A film that dispatches clownish and inept anti-heroes to wreak havoc on boorish capitalists involves tricky narrative and political strategies. But as buffoonish as Louise and Michel might be, Delépine and Kervern are undeniably fond of this hapless duo; in a recent interview with Cineuropa, Kervern insists that these marginal characters touch him and his co-director "more than the company bosses and middle-classes, or the literary and artistic circles, who are usually the focus of French films." In addition, as the journalist Fabien Lemercier maintains, Louise and Michel's vertiginous quest is almost impossible to disentangle from the peculiar depersonalization wrought by corporate globalization. While a villainous boss in the 19th century would not have strayed from his local estate, contemporary plutocrats, with no visible national allegiances, are free to wander the globe. In the film's most comically transgressive sequence, the ungainly pair simulate the destruction of the World Trade Center with the aid of a scale model, an act that functions as both an absurdist exorcism of this international trauma and an irreverent act that thumbs its nose at mainstream—and anarchist—respectability.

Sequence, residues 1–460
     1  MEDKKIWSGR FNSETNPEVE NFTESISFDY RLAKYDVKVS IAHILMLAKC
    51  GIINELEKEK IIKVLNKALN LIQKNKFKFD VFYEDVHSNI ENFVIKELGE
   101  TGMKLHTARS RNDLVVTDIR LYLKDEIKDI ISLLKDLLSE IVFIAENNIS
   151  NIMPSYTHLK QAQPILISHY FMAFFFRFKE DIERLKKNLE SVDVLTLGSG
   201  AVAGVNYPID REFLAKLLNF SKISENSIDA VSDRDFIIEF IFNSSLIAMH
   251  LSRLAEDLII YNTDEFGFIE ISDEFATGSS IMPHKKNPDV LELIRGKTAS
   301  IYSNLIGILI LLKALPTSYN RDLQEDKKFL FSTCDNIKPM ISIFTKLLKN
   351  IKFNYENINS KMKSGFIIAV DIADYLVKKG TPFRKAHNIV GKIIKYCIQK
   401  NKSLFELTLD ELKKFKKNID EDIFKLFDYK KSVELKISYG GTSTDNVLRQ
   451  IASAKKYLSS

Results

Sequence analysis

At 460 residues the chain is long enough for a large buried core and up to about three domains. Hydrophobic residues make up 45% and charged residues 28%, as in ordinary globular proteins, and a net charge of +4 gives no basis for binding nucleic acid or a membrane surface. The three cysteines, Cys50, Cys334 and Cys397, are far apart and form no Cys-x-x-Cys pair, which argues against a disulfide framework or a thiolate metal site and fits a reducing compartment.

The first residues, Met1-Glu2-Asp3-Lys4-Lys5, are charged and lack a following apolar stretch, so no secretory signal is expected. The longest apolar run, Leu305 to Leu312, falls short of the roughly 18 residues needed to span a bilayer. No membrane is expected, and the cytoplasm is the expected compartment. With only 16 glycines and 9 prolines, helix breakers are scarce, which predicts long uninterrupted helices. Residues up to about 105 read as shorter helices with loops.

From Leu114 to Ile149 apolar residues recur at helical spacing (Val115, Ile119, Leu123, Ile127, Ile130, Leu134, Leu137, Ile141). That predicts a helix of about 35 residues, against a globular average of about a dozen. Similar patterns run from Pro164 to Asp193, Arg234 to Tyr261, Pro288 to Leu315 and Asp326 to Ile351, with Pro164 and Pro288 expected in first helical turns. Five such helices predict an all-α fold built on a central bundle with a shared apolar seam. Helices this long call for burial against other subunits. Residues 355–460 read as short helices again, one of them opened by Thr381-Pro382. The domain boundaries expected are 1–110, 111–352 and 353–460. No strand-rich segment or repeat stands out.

Fighting Words

Fighting Words
by Imogen Sara Smith
posted August 12, 2014

Fighting Words, Part 2

Fighting Words, Part 2
by Imogen Sara Smith
posted August 20, 2014

On the Margins: The Films of Patrick Lung Kong

On the Margins: The Fil…
by Andrew Chan
posted August 12, 2014

Robin Williams: A Sense of Wonder

Robin Williams: A Sense…
by David Schwartz
posted August 12, 2014

Courtesy Warner Bros. Pictures
V for Vendetta, directed by James McTeigue
Photo Gallery: Revolutionary Mode


anarchist film  |  James McTeigue  |  Stuart Townsend  |  Louise Michel  |  Alan Moore  |  Adam Curtis  |  Hollywood  |  documentary  |  9/11  |  violence


Archival Trouble by Michael Atkinson
More: Article Archive


Richard Porton is one of the editors of Cineaste in New York. He is the author of Film and the Anarchist Imagination (Verso) and the editor of two forthcoming anthologies, On Film Festivals (Wallflower Press) and Arena 1: Cinema and Anarchism (PM Press).

More articles by Richard Porton